New Jersey Condominium Association Boards May Have Emergency Access to Units
February 13, 2019 Posted in Community Association Law Share
In New Jersey, the Board of a condominium association may, under emergent circumstances, have a limited right of access to units within their Association without advance notice or consent of the unit owner. Condominium association boards should be careful when exercising these rights, however, as it may be difficult to evaluate whether the circumstances justify such access. If the access is unjustified by the circumstances, then the unit owner may have a legitimate dispute against the condominium association board.
Certain Emergency Circumstances Justify Access
Generally, access to a unit within a condominium association must be preceded by “reasonable notice” and the consent of the owner. However, there may be emergency situations that could justify Board access to a unit without reasonable, advance notice or consent of the unit owner.
Section 46:8B-15(b) of the New Jersey Condominium Act grants the council of condominium co-owners -- in other words, the condominium association board -- an irrevocable right to access any unit within the condominium association during reasonable hours as may be necessary for the maintenance, repair, or replacement of any of the common elements therein or accessible therefrom. The statute goes on to provide that entry may also be made for the purpose of making of emergency repairs necessary to prevent damage to the common elements or to any other unit or units.
Obviously, smoke and flames emanating from a unit call for immediate access by the fire department and other emergency services. Other possible situations may signal the need for a well-being check of the unit owner, such as newspapers collecting on a porch or odors, and hoarding, provided health consequences may constitute a justification for inspection. A water leak or an insect infestation traceable to an adjoining unit generally calls for access to locate the source.
However, it is important to note that not every situation justifies immediate access or even access. It is important for the condominium association's board to first assess whether the situation is truly an emergency before entering a unit, especially without consent. Sometimes it may be necessary to obtain a court order allowing entry into a unit to avoid unit owner litigation after the fact.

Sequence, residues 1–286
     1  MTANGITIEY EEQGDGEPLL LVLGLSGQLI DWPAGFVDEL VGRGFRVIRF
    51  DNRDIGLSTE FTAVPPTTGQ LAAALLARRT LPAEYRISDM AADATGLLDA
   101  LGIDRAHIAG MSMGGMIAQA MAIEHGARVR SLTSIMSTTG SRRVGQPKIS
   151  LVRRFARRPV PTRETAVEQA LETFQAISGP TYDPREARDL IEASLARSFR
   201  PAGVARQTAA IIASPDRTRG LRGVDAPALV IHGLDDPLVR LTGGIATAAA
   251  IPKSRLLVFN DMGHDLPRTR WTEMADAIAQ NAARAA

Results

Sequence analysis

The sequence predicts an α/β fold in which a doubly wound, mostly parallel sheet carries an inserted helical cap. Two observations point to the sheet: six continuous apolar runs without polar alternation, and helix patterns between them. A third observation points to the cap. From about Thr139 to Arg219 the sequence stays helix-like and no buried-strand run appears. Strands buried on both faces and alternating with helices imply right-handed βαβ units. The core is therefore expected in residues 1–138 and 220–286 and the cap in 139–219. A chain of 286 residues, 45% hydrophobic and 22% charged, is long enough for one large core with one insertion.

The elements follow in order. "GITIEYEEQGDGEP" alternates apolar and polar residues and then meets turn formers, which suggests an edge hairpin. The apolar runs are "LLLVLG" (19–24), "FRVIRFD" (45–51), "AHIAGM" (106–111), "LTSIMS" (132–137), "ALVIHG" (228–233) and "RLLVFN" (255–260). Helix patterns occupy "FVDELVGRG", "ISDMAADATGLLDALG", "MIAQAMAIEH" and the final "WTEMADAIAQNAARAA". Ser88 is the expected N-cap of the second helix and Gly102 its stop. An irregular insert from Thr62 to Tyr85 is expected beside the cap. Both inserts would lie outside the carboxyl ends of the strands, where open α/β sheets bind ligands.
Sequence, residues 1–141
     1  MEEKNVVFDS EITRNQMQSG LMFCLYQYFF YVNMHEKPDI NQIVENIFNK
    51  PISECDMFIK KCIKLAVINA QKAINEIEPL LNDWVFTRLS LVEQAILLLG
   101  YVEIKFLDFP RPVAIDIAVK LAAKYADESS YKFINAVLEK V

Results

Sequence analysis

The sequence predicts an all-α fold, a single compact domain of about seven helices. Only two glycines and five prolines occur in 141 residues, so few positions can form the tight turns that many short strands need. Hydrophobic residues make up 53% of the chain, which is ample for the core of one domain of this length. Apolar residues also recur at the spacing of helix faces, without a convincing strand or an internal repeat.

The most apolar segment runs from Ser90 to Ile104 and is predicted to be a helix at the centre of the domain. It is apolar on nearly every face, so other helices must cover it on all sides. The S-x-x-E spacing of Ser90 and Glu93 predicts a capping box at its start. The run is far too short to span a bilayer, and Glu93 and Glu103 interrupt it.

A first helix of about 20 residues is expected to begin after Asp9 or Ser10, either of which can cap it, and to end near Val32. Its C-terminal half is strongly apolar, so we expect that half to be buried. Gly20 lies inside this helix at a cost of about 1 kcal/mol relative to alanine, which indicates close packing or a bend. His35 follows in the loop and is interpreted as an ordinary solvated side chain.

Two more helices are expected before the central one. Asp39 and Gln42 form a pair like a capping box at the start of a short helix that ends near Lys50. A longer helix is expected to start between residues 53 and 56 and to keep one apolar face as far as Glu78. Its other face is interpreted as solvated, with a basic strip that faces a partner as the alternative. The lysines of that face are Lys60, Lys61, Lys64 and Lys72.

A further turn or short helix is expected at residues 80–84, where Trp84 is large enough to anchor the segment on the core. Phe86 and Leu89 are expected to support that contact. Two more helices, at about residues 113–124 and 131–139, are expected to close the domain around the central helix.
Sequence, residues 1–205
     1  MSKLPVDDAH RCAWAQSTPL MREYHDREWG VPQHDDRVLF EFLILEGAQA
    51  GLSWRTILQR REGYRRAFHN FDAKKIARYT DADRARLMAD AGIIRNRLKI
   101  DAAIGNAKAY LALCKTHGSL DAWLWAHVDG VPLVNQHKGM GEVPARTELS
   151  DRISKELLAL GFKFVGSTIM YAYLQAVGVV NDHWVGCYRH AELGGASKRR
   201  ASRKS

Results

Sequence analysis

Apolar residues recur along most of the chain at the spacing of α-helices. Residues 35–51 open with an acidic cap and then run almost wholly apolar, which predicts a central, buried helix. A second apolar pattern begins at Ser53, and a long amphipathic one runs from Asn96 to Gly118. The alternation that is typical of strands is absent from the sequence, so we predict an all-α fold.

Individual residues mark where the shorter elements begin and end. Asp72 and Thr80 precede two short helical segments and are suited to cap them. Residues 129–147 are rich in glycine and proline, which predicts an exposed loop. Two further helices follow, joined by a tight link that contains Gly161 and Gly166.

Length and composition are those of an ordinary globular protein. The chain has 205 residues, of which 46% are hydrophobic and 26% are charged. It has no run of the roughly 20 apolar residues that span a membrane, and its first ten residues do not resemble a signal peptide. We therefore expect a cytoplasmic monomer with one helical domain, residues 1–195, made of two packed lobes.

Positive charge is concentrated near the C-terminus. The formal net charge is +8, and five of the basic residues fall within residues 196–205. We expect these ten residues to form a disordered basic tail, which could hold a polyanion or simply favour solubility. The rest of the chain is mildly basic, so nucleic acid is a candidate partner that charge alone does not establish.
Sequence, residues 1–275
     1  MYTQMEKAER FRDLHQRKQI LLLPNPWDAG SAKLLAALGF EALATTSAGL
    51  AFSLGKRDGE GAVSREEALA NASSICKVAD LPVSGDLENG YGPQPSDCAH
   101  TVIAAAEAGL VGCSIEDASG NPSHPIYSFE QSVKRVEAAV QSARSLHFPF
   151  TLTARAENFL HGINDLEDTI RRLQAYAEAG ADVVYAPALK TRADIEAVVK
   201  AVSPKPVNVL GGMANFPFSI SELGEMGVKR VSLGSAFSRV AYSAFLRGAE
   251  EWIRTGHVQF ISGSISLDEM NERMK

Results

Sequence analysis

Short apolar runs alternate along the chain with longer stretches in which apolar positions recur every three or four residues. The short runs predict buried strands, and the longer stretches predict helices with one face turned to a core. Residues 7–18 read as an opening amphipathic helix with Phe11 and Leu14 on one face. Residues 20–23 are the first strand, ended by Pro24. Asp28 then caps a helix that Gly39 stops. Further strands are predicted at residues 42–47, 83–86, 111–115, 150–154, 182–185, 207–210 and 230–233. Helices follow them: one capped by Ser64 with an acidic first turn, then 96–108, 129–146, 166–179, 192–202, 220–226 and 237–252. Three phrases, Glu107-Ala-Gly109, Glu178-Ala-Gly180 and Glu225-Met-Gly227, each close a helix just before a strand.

The right-of-entry may also be expanded in the Master Deed and Bylaws to include a wider variety of access justifications, including health emergencies. Consult your Association's governing documents to determine the procedure for how the Board may gain access to a unit and under what conditions.
Contact an Attorney Experienced in New Jersey Condominium Law for Guidance
Here at Griffin Alexander, P.C., our partners have decades of combined experience advocating on behalf of condominium associations, boards, and other administrative bodies in disputes involving unit owners and condominium association boards. We understand the challenges typical of such disputes, and how complicated the law can be for those who may be unfamiliar with its intricacies. It is our belief that by working closely with clients at an early stage, we can form a friendly, communicative partnership that empowers us to act decisively on our client's behalf.
We have experience with a range of issues relating to New Jersey condominium law, from helping secure unpaid dues to defending against lawsuits relating to unit access and are capable of representing our clients in both administrative and trial proceedings. Ready to learn more about how to proceed? We encourage you to call (973) 366-1188 or request an appointment online.
The information in this Client Alert is provided solely for information purposes. It should not be construed as legal advice on any specific matter and is not intended to create an attorney-client relationship. The information provided herein may not be applicable in all situations and should not be acted upon without specific legal advice based upon particular circumstances. Each legal matter is unique, and prior results do not guarantee a similar outcome.
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